Five-Minute Fiction: Matthew Blake's New Psychological Thriller 'Anna O' - The Gloss Magazine

Five-Minute Fiction: Matthew Blake’s New Psychological Thriller ‘Anna O’

In this extract from Matthew Blake’s psychological thriller Anna O, Ben, a sleep psychologist, reflects on Anna Ogilvy’s infamous sleepwalking murders four years previously, and finds out that she is still mysteriously asleep…

Anna O is the propulsive debut novel from Matthew Blake. Already sold in over 30 territories, it is a psychological thriller that asks an original question – can we be held responsible for our actions if we were asleep while committing them?

Anna O tells the story of the case of a young woman who kills her two best friends in her sleep, and the therapist who is tasked with waking her up.

The book is inspired by real-life cases of people who commit crimes while sleepwalking and a mystery illness known as ‘resignation syndrome’, where patients fall into a deep sleep from which they never wake up. The compelling question at the heart of his debut novel is: if you kill someone while you are sleepwalking, are you guilty or not guilty?

The book has seen Matthew Blake described as the new Gillian Flynn or AJ Finn. Before writing fiction, Blake worked as a researcher and speechwriter at the Palace of Westminster. He lives in London.


The bare facts of the Anna O case are relatively straight-forward. That’s, I think, why everyone remembers the case. There’s something shocking about the raw simplicity of it.

At 3.10 a.m. on the morning of August 30th, 2019, Anna Ogilvy, the twenty-five-year-old daughter of a senior shadow government minister and founding editor of the magazine Elementary, was found asleep in her cabin at a farmhouse retreat in Oxfordshire with a twenty-centimetre kitchen knife. In the neighbouring cabin were the bodies of her best friends: Douglas Bute, twenty-six, and Indira Sharma, twenty-five.

The post-mortems later found ten stab wounds on both bodies. Anna’s fingerprints were the only dabs on the knife and there were bloodstains on her clothing. Forensic analysis subsequently made a positive match between the clothing and both victims. Digital forensics, meanwhile, found a WhatsApp message on Anna’s phone containing a partial confession sent before the deep sleep took hold.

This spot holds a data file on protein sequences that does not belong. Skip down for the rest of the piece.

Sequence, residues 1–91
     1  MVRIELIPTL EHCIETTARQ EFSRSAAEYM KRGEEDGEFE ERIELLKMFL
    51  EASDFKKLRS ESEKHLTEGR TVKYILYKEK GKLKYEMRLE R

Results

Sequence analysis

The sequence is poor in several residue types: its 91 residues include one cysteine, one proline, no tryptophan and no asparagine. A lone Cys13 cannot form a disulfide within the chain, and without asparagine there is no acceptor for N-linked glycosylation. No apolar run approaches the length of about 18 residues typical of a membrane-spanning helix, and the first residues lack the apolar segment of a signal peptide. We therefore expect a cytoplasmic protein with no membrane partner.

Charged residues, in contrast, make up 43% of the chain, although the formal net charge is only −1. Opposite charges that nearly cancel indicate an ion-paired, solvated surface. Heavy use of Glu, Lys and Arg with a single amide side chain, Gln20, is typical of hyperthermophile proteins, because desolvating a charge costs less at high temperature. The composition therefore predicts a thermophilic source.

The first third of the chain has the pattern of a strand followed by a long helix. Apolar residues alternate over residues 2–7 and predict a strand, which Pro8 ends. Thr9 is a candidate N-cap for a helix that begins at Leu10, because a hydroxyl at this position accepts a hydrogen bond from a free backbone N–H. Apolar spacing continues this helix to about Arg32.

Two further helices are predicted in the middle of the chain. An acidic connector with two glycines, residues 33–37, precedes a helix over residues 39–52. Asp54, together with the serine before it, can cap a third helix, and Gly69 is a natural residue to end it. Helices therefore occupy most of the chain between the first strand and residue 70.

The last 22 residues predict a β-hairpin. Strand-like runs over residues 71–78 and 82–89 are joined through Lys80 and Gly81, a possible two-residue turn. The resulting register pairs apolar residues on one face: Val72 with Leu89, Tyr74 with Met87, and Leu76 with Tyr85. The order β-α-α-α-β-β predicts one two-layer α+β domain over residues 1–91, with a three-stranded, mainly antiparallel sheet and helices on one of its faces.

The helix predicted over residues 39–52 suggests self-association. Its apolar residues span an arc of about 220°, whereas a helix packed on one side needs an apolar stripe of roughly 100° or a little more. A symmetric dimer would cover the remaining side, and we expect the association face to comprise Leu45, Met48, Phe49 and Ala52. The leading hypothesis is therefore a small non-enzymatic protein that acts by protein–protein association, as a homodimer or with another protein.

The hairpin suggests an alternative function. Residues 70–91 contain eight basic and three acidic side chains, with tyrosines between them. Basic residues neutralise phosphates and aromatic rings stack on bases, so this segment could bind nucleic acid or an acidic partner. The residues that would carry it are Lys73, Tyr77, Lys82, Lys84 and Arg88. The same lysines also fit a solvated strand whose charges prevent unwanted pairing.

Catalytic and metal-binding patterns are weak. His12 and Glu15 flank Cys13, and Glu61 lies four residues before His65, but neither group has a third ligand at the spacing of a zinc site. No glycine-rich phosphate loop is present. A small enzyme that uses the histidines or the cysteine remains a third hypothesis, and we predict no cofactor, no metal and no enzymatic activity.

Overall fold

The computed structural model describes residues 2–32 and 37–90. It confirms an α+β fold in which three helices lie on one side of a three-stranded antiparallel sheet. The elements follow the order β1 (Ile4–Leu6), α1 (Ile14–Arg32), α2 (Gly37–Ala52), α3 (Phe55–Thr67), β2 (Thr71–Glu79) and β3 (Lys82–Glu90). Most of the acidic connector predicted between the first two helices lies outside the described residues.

From the level of rigor mortis, the estimated time of death was several hours prior. Both victims were beyond saving, their wounds fatal. DI Clara Fennel from the Thames Valley Serious and Organised Crime Unit was the first officer to reach the Farm and attend the crime scene. She discovered Miss Ogilvy still dressed in the bloodstained items of clothing. Despite numerous attempts to rouse the suspect, Miss Ogilvy remained asleep and unresponsive and was later transferred by ambulance to the John Radcliffe Hospital on Headley Way.

All tests proved normal. She was alive. Her body was functioning. The mystery illness causing her deep sleep was impossible to identify.

But she never opened her eyes again.

The public fallout was brutally swift. Anna’s mother, Baroness Emily Ogilvy, resigned her position as Shadow Home Office Minister with immediate effect and stood down from the House of Lords. Richard Ogilvy, Anna’s father and a global fund manager, abandoned plans to open a new office in Manhattan. The nickname itself came from Anna’s social media handle: @AnnaO. Most murder suspects are low-IQ males with cauliflower ears and grim histories of domestic violence. Anna O was young, female, highly educated and already a public name as a magazine journalist and writer. The story was every tabloid’s dream.

The press soon dug up everything else about Anna too: the childhood in a Hampstead townhouse; the rumours of teenage drug use; the rent-a-quote boyfriends from Oxford; even the other staff and interns at Elementary, the magazine which Anna founded alongside Indira and Douglas. If I’ve learned anything as a psychologist, it’s that all high-profile murders are about timing. August was the perfect month, right in the middle of silly season. A few months later, and it might never have caught fire.

Luckily for me, Anna Ogilvy chose her moment well.

Soon, of course, even the tabloid names became a dividing line. Believers in Anna’s innocence called her ‘Anna O’. Believers in her guilt dubbed her ‘Sleeping Beauty’. No one, however, could take their eyes off the story.

Truthfully, neither could I.

The four floors of the Abbey are not equal. The ground floor is the reception room, an ode to good taste and professional interior design. The basement houses the kitchens and other domestic services. The first floor is for drop-ins, as we call them, the fly-by-night patients who want help with some sleep-related problem but without committing to the full immersion, all tinted Mercedes and private flights from London City.